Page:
Q.     How long does it normally take you to pull up the anchor?

A.     On average, two to three minutes, in the depth were in….

Q.     And because the anchor was caught in seaweed, how much longer did it take you to reel in your anchor that day?

A.     An extra 10 minutes. …

Q.     Is it fair to say that the passengers on the backside of the boat were going unsupervised for about 12-13 minutes?

A.     Yes, sir.

Click the following link to read the actual mediation brief submitted by our personal injury attorneys in this case. Bakkila v. CISCOS Mediation Brief.

Contact Scottsdale Injury Lawyers For a Free Consultation

If you or a loved one has suffered a serious injury, contact Scottsdale Injury Lawyers today. We provide a free consultation and are experienced in handling difficult and complex injury cases. One of our personal injury attorneys will analyze your case to determine if you have a claim for which you may recover. We handle cases in Scottsdale and the greater Phoenix area as well as all of Arizona and California. Our personal injury attorneys handle cases involving: personal injury, car accidents, slip and fall, product defect, motorcycle crashes, dog bites, assaults, negligent security, workplace injuries, burn injuries, trucking accidents, pedestrian injuries, medical malpractice, among several others.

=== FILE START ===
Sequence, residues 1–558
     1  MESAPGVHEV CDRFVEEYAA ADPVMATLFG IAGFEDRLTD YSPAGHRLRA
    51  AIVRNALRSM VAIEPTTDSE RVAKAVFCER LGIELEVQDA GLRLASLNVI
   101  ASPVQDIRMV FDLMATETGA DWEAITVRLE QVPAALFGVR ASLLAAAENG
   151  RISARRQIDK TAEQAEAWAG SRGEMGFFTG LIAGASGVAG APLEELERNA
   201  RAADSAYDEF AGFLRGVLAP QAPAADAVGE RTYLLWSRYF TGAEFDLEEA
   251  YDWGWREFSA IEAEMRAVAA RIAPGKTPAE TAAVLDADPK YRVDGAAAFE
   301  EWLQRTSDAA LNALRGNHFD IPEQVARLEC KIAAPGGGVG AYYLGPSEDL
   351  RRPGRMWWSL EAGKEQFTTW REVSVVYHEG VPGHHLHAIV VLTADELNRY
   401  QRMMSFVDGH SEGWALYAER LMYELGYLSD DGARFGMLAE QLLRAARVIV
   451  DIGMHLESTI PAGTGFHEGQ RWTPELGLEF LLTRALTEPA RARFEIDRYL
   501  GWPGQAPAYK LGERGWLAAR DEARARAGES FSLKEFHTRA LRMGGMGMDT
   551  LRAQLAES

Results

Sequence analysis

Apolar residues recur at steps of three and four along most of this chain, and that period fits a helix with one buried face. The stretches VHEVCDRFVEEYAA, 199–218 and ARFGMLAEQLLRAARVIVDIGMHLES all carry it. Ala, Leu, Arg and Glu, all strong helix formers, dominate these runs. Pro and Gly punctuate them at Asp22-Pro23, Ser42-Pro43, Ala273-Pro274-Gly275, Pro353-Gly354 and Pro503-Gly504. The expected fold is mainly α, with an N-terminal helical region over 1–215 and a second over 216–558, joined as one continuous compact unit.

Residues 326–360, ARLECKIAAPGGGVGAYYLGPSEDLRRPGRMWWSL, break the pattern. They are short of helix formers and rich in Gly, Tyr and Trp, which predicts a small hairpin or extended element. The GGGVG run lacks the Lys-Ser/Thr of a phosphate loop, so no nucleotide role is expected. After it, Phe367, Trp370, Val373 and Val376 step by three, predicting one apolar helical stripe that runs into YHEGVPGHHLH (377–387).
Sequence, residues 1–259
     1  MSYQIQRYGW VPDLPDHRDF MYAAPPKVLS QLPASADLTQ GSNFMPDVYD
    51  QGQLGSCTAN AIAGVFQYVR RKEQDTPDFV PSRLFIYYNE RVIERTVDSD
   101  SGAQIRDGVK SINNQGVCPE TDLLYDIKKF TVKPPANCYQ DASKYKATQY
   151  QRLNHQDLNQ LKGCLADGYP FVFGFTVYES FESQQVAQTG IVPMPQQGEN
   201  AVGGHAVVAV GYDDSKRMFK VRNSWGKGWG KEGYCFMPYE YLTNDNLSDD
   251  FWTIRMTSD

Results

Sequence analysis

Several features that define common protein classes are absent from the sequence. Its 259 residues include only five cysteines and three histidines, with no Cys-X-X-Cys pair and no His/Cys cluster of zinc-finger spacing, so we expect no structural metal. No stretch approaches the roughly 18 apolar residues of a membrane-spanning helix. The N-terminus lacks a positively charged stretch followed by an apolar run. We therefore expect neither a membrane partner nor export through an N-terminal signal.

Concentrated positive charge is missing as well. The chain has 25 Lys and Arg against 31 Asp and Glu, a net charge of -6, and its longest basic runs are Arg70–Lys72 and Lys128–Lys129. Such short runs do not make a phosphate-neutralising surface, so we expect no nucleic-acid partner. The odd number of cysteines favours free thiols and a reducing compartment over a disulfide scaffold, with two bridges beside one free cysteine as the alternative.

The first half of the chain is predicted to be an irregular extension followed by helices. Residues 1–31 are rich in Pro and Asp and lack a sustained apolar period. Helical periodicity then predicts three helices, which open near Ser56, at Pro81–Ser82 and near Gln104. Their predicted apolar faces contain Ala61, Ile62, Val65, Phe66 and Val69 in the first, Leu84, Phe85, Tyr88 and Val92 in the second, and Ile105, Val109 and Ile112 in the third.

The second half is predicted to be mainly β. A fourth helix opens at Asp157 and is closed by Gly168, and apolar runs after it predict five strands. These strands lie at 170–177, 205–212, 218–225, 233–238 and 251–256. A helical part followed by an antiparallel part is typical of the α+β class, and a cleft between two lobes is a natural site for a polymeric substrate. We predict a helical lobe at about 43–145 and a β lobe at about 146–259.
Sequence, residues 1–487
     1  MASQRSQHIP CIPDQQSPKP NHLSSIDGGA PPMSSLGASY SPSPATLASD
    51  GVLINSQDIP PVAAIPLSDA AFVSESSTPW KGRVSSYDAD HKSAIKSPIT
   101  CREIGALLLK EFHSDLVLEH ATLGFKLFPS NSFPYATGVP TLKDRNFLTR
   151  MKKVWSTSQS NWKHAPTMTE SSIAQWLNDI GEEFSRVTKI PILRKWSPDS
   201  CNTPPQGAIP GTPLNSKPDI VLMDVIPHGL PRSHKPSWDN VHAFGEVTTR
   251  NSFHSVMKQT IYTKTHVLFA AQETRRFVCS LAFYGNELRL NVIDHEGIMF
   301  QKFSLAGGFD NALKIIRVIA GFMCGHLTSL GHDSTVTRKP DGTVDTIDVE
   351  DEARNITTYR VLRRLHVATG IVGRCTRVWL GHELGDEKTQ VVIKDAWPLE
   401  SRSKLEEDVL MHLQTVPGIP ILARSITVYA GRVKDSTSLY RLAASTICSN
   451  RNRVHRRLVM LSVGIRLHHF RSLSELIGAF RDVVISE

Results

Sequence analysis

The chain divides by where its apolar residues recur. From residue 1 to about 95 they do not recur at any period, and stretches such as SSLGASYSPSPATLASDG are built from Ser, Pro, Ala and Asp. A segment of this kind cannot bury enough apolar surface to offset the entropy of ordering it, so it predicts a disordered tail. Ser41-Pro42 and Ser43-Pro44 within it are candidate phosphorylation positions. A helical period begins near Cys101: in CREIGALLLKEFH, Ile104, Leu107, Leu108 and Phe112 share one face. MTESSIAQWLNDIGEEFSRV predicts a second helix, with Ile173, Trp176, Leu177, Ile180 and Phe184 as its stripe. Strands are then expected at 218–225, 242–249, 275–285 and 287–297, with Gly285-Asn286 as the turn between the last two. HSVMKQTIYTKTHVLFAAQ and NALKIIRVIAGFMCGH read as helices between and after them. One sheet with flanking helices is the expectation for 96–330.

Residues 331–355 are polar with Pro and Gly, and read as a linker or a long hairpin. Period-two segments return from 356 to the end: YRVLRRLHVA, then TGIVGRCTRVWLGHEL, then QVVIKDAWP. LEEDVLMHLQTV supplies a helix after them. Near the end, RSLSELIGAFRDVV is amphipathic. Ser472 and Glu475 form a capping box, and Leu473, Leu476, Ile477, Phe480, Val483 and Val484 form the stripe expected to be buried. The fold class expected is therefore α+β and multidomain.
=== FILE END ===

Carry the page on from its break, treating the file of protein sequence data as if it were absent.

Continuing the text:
About the author: The content on this page was authored and prepared by Scottsdale personal injury  attorney Tony Piccuta. He graduated with honors from Indiana University-Maurer School of Law in Bloomington in 2006 (Ranked Top 35 US News & World Report 2018).  Piccuta took and passed the State bars of Arizona, California, Illinois and Nevada (all on the first try). He is a trial attorney that regularly handles serious personal injury cases and civil rights lawsuits. He has obtained six and seven figure verdicts in both state and federal court. He has been recognized by Super Lawyers for six years straight. He is a member of the Arizona Association of Justice, Maricopa County Bar Association, American Association for Justice, National Police Accountability Project and Consumer Attorneys of California, among other organizations.

Disclaimer: The information on this web site is for informational purposes only and does not constitute legal advice. Reading and relying upon the content on this page does not create an attorney-client relationship. If you are seeking legal advice, you should contact one of our attorneys and discuss your specific case and issues.

Sources:

[1] https://caselaw.findlaw.com/ca-court-of-appeal/1217684.html

[2] http://cdn.ca9.uscourts.gov/datastore/opinions/2011/09/02/10-35933.pdf

[3] https://www.law.cornell.edu/supremecourt/text/305/424